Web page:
2. Don’t search for a silver lining. You don’t need to fix people. While it’s really difficult to sit with someone in their distress and not jump in to make it better, it will bring you closer to the other person if you can listen and acknowledge the painful experience for what it is without trying to sugarcoat or change it.

3. When something upsets you, don’t rush to distract yourself. Try and feel your upset. If you can feel it for one minute—you’re going places!

4. Recognize when you’re being a toxically positive person in real time. It’s okay to say something that isn’t helpful if you can catch it in real time and say, “I’m sorry. That’s not helpful. Let me try again…”

5. Learn to develop your empathy. Practice putting yourself in other people’s shoes. Practice with fictional characters on TV, in movies, and in books. Once there, ask yourself what you’d want someone to say to you.

Original art for How to Live by Edwina White

Here are some things to say to others when their emotions make you uncomfortable and to yourself when you want to flee from your enforced happiness.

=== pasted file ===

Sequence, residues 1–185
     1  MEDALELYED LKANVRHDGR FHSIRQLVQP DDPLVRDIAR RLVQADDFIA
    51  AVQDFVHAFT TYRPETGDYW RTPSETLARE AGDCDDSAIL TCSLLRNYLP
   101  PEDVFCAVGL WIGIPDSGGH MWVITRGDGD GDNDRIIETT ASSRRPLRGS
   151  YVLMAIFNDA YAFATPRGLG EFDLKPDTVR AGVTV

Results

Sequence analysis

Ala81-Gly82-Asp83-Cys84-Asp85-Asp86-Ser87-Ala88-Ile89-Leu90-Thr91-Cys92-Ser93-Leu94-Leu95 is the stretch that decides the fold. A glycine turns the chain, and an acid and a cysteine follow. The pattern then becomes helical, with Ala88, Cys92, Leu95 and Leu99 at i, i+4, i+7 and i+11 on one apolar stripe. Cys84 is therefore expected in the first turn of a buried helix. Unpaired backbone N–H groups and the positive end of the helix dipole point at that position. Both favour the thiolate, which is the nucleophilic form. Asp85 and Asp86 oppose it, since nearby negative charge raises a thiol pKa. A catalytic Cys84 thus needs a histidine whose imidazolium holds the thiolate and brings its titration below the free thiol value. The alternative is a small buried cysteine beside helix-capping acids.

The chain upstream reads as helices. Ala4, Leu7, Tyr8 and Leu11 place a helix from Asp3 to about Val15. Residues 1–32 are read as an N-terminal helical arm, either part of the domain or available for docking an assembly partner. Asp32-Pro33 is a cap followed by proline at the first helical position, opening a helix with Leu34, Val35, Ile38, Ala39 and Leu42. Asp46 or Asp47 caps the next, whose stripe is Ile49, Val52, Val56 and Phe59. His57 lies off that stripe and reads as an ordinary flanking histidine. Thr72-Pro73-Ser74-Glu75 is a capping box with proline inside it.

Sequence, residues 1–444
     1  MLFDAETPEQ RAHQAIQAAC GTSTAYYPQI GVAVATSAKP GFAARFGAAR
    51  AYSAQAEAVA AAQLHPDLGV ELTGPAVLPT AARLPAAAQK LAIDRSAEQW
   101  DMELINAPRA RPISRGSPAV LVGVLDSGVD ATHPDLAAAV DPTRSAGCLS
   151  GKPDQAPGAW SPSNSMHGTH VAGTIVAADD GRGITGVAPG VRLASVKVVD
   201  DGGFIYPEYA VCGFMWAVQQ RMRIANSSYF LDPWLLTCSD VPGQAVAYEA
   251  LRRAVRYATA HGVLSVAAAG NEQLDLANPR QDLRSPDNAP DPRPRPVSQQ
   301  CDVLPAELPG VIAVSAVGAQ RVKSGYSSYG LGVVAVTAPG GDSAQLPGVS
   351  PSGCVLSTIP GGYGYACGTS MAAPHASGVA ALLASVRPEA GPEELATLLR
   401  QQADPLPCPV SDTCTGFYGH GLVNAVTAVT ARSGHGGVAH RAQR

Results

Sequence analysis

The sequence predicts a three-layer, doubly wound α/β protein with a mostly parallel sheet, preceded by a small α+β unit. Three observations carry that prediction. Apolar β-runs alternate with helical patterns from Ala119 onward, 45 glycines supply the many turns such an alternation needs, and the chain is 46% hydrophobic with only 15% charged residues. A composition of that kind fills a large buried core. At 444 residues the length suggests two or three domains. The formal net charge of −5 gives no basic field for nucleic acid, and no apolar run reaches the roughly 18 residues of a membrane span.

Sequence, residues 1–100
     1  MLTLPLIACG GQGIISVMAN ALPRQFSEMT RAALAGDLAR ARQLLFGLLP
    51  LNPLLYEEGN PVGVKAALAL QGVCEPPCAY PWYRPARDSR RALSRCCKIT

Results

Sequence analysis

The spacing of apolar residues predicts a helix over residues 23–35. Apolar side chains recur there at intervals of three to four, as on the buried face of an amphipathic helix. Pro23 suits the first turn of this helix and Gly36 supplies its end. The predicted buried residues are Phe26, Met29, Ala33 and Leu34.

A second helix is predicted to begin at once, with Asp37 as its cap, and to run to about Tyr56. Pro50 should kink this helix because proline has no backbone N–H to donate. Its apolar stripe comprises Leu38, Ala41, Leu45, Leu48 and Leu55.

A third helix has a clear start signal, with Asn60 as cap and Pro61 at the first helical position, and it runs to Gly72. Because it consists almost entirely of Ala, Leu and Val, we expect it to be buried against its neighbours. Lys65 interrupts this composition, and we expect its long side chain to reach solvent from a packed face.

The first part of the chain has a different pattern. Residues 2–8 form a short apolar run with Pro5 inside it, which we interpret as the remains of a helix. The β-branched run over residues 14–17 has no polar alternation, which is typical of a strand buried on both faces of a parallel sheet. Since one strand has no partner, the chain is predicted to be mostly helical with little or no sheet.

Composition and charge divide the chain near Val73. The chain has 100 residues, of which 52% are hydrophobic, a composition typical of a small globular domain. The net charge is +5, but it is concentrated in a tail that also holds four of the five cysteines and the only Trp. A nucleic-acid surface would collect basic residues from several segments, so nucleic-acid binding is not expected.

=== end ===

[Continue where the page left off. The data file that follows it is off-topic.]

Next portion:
“I know how hard this is for you. Can you describe how you’re feeling?”

“That sounds difficult. Do you want to tell me more?”

“Your feelings matter to me. I’m sorry you’re struggling.”

And, if you are on the receiving end of someone else’s toxic positivity, here are some things you can say in response. (Try and be gracious, and avoid shaming the other person.)

When I’m upset, it helps me process my feelings to talk it through.

I recognize that my sadness isn’t permanent; all emotions are temporary, but I need to feel mine to move through it.

Feeling my emotions helps me to feel better.

Where do you fall on the spectrum of toxic positivity? Let me know in the comments.

And Brandi, how’d I do?

Until next week, I am...



Nope, I am not a licensed therapist or medical professional. I am simply a person who struggled with undiagnosed mental health issues for over two decades and spent 23 years in therapy learning how to live. Now, I'm sharing the best of what I learned to spare others from needless suffering.